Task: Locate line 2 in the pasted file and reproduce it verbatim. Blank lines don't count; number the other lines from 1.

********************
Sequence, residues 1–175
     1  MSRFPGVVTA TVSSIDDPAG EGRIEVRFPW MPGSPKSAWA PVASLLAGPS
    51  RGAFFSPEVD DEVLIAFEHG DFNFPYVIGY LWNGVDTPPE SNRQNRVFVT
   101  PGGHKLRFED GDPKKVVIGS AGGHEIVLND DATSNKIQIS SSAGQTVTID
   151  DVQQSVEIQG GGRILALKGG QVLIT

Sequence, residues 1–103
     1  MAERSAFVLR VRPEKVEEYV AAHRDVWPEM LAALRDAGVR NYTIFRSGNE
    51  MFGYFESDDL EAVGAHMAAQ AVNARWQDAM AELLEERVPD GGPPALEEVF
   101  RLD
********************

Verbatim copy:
     1  MSRFPGVVTA TVSSIDDPAG EGRIEVRFPW MPGSPKSAWA PVASLLAGPS